Expectations, and the ebb and flow between two philosophies

By Katy Nesbitt, The Observer September 11, 2013 10:58 am
Even as our understanding of the universe expands, philosophies of old remain our foundation. “Seek and ye shall find” sits cozily on the shelves of our minds next to the “negation of expectation.”

Late summer gathering is an excuse to be in the woods and a reason to hike forested trails. Sometimes, a berry or two goes in my mouth or a mushroom in my bag.

When it comes to finding things at home, I’m like a lab on a tennis ball. I will search high and low through every nook and cranny for the lost coin, not satisfied until I’ve found it. This may come from a long life of losing valuable items. In my family, when we’ve lost something, we say, “It must be with the purple ski jacket,” an item I lost before I was even 10 years old.

Looking for tiny berries or finding fungus bursting through the duff, I bore quickly if I can’t find anything, but if I do, the excitement of finding treasure is a thrill of its own. As a gatherer, I ebb and flow between the two philosophies. When I tire of seeking and not finding, I give up my expectations and lie down under a tree or take pictures of wild flowers.

My mother, not finding a broom or a can of spray starch when she visits, will go buy another. I now have six cans of starch and three brooms. And me? I’ve been missing my lens cap for longer than I can remember. Six months? More?

The other day my scout asked, “Is this yours? As he handed me the cap labeled “Fuji film” that has been on a TV stand the whole time. I am eternally grateful for the welcome set of a second pair of eyes.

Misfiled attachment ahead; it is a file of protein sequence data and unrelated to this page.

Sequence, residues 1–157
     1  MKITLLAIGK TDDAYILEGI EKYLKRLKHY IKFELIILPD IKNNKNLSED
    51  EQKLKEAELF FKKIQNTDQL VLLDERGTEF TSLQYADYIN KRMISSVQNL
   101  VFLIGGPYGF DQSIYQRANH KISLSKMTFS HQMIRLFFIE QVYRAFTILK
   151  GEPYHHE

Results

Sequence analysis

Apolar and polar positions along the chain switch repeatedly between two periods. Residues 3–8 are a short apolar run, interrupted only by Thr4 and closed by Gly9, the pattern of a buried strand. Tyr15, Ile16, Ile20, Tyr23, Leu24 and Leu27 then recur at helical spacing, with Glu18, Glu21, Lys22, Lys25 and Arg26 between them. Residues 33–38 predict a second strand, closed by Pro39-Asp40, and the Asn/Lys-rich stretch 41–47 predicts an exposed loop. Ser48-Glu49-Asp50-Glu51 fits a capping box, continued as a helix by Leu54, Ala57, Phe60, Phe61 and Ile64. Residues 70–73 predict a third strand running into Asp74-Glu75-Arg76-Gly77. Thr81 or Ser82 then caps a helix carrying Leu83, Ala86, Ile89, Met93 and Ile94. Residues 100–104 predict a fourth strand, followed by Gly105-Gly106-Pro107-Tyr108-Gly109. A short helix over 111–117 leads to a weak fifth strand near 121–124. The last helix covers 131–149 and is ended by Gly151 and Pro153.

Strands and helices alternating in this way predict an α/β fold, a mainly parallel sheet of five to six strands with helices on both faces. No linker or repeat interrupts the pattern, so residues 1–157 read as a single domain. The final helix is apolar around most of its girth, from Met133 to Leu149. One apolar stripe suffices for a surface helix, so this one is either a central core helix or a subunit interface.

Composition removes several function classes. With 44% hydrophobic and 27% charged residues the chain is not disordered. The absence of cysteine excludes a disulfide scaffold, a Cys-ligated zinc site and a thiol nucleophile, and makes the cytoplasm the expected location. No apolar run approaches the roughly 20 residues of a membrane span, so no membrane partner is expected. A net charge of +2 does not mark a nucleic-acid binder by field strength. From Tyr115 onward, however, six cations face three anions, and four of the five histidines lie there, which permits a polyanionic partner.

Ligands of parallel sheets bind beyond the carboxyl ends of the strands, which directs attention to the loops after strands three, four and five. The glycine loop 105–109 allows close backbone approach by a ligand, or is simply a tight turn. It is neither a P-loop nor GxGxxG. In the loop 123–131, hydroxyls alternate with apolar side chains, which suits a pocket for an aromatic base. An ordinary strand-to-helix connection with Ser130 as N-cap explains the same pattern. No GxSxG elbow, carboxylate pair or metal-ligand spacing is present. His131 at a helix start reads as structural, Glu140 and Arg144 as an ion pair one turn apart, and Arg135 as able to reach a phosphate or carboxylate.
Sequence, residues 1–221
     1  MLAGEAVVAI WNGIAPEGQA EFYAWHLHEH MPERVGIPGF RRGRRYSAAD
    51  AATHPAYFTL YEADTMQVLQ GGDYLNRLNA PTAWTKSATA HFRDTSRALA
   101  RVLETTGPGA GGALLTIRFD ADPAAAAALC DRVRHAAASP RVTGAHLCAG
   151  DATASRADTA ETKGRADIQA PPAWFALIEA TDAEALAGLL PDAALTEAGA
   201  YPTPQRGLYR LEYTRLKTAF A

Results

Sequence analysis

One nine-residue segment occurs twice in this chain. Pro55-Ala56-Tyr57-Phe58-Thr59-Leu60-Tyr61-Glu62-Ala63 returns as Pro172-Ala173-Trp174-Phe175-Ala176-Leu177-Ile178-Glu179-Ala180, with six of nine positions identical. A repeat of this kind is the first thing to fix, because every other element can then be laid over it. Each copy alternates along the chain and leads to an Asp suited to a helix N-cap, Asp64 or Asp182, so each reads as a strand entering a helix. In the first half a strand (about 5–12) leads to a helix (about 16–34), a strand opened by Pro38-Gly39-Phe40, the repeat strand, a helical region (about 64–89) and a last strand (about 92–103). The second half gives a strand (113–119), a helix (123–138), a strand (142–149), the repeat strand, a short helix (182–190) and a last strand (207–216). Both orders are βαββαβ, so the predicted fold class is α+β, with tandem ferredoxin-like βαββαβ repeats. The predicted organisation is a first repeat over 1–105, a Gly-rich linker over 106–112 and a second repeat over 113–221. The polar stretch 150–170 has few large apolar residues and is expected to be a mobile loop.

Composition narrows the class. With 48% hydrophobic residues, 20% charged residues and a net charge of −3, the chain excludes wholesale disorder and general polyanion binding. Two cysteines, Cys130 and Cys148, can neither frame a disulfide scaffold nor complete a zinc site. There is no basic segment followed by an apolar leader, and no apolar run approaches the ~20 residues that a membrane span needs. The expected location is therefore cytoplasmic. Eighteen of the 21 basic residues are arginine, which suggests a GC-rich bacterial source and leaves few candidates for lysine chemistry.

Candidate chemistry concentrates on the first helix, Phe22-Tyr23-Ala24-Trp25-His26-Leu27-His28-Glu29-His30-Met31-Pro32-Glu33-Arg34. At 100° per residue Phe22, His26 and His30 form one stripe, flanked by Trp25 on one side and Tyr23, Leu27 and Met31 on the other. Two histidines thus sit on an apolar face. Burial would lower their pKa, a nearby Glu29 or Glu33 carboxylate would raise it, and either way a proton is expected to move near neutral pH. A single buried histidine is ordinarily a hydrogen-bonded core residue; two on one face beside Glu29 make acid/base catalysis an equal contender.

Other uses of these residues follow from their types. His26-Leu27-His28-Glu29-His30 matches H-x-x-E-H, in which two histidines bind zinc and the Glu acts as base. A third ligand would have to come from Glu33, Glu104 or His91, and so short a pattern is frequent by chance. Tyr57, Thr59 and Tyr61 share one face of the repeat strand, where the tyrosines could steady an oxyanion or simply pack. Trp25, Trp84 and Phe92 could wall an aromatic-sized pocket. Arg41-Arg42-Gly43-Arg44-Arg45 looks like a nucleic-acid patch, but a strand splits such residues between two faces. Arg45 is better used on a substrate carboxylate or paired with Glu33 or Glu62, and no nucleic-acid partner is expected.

These two philosophies seeming butt heads or are as two lovers sleeping with their backs to each other, but like all things, I rationalize. When one isn’t working, do the other. It’s a metaphysical cop-out, to be sure, but how often do you find what you are looking for after you’ve given up?

In 2008, I stumbled into Wallowa County to run a fishing and rafting inn at the confluence of two rivers. I said it was so that I had more time to write, but wasn’t sure what that was going to look like.
A chance email to the then - La Grande Observer editor landed me a freelancing job writing stories about the frills of life in rural Eastern Oregon. A year later I was learning to write news. I’d looked for such a job for two decades.

My roommates are both examples of seeking or not. When I got Finnegan I had been dog-less for five, long years. When I met my good friend Iris, the chocolate labrador puppy, I decided I would acquire a pup from her parents’ next litter. Shortly after Finn was born,  I was magically released from my rental agreement by my landlord’s marriage and desire for privacy. I soon found a house that allowed dogs and picked up my 15 pounds of joy from his breeder.

Bridey, on the other hand, was thrown at me as a tiny ball of teeth, claws and fur. For the first few days I didn’t pay her much heed as she was going to go back to her owner, when found, or sent to the nearest pound. Neither happened. Six and a half years later she leans on my shoulder as we drive down the road and nestles next to me during cold nights.

When interviewing someone new to Wallowa County I invariably ask, “What brought you here?” And more often then not it was a chance visit that eventually created a permanent move.

As Carly Simon sings, “I wasn’t looking, somehow you found me.” You blue skies and puffy white clouds, clichely decorating granite peaks from which ice cold streams run.